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Publication numberUS20060187000 A1
Publication typeApplication
Application numberUS 10/561,935
PCT numberPCT/EP2004/006896
Publication dateAug 24, 2006
Filing dateJun 24, 2004
Priority dateJun 26, 2003
Also published asEP1644088A1, EP1644088B1, US7385480, WO2005000414A1
Publication number10561935, 561935, PCT/2004/6896, PCT/EP/2004/006896, PCT/EP/2004/06896, PCT/EP/4/006896, PCT/EP/4/06896, PCT/EP2004/006896, PCT/EP2004/06896, PCT/EP2004006896, PCT/EP200406896, PCT/EP4/006896, PCT/EP4/06896, PCT/EP4006896, PCT/EP406896, US 2006/0187000 A1, US 2006/187000 A1, US 20060187000 A1, US 20060187000A1, US 2006187000 A1, US 2006187000A1, US-A1-20060187000, US-A1-2006187000, US2006/0187000A1, US2006/187000A1, US20060187000 A1, US20060187000A1, US2006187000 A1, US2006187000A1
InventorsPeter Fitzpatrick
Original AssigneeFitzpatrick Peter J
Export CitationBiBTeX, EndNote, RefMan
External Links: USPTO, USPTO Assignment, Espacenet
Fire fighting apparatus
US 20060187000 A1
Abstract
An apparatus for fighting a fire comprises a suspendible container (10) having a perforated lower surface (12) each of whose perforations (16) is closed by a heat-sensitive membrane (14) which is capable of rupture at an elevated temperature. The container contains a fire retardant material which is released upon rupture of the membrane. The apparatus further includes an electric heater (22) adjacent the membrane and a smoke detector (24) controlling the heater such that upon the detection of smoke the heater is switched on to rupture the membrane. A second embodiment has at least one further heat-sensitive membrane embedded in the fire retardant material above the first membrane such that a respective layer of fire retardant material lies above each membrane. Thus, upon rupture of the first membrane the layer of fire retardant material immediately above it is released and the further membrane comes to rest upon the lower surface of the container, the layer of fire retardant material immediately above the further membrane being released only upon subsequent rupture of the further membrane.
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Claims(10)
1. An apparatus for fighting a fire comprising a suspendible container having a perforated lower surface each of whose perforations is closed by a heat-sensitive membrane which is capable of rupture at an elevated temperature, the container containing a fire retardant material which is released upon rupture of the membrane, the apparatus further including an electric heater adjacent the membrane and a smoke detector controlling the heater such that upon the detection of smoke the heater is switched on to rupture the membrane.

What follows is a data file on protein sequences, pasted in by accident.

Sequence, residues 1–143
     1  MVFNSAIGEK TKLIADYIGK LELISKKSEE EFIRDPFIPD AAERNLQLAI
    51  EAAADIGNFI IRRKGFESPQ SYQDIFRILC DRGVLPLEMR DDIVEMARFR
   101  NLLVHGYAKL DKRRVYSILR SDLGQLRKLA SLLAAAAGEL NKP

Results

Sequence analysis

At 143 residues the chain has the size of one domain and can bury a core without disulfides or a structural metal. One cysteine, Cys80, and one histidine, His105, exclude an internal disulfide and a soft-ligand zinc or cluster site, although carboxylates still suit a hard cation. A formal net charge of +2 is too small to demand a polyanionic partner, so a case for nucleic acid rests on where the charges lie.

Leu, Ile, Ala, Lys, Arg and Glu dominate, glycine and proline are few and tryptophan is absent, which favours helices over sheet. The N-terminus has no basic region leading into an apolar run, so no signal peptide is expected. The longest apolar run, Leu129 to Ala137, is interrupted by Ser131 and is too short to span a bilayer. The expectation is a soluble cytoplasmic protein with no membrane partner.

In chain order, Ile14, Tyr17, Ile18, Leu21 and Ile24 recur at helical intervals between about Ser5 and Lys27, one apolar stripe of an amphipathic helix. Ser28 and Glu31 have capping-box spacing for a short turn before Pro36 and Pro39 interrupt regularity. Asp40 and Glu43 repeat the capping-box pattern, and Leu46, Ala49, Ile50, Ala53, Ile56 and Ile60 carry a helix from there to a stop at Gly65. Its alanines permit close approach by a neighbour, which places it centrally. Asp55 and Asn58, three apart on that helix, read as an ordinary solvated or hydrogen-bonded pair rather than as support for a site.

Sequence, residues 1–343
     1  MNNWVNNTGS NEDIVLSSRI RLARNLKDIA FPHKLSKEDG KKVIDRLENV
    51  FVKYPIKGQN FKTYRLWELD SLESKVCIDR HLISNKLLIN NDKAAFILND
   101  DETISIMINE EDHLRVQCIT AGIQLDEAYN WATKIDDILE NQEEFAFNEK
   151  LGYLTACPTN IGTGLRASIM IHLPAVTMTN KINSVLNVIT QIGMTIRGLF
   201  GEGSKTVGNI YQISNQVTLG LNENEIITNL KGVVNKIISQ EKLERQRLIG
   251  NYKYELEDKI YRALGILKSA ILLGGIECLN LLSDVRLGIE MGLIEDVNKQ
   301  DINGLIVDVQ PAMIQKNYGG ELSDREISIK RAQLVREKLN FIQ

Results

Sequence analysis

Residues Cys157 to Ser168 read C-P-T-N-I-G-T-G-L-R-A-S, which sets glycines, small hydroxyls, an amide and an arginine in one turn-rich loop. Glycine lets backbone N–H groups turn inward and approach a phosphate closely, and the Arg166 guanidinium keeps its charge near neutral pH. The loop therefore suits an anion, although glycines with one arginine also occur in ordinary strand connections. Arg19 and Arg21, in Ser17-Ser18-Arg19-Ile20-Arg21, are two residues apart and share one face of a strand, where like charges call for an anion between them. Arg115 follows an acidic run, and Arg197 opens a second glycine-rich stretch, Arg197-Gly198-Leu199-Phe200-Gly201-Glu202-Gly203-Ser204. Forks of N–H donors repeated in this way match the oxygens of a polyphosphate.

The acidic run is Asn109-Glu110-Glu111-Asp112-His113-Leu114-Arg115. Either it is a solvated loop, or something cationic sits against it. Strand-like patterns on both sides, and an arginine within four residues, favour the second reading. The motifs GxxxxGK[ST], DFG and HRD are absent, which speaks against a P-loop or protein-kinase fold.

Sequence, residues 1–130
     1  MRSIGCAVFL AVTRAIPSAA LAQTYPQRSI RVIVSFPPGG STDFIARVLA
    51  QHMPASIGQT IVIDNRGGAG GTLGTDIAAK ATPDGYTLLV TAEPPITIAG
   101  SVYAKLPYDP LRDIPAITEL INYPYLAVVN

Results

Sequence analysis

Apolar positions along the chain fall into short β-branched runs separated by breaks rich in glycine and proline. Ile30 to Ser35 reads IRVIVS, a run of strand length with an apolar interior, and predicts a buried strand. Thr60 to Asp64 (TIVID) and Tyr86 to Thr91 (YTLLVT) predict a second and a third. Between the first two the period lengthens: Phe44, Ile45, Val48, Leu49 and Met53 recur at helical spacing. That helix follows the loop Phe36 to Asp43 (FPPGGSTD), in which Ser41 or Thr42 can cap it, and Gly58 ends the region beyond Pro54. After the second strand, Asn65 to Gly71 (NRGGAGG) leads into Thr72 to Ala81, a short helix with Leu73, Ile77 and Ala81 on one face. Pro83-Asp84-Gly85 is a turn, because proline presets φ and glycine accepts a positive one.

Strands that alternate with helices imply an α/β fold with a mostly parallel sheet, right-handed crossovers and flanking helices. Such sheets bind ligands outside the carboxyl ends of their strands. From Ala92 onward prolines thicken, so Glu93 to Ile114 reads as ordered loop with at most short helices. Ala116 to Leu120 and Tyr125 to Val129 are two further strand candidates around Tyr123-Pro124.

2. An apparatus as claimed in claim 1, wherein the perforations are closed by a common membrane lining the said lower surface of the container.
3. An apparatus as claimed in claim 1, wherein the container is in the form of a tray having a perforated base.
4. An apparatus as claimed in claim 1, wherein the elevated temperature is approximately 55 deg. C.
5. An apparatus as claimed in claim 1, wherein the fire retardant material is a powder.
6. An apparatus for fighting a fire comprising a suspendible container having a perforated lower surface each of whose perforations is closed by a first heat-sensitive membrane which is capable of rupture at an elevated temperature, the container containing a fire retardant material which is released upon rupture of the membrane, the apparatus further including at least one further heat-sensitive membrane embedded in the fire retardant material above the first membrane such that a respective layer of fire retardant material lies above each membrane, whereby upon rupture of the first membrane the layer of fire retardant material immediately above it is released and the further membrane comes to rest upon the lower surface of the container, the layer of fire retardant material immediately above the further membrane being released only upon subsequent rupture of the further membrane.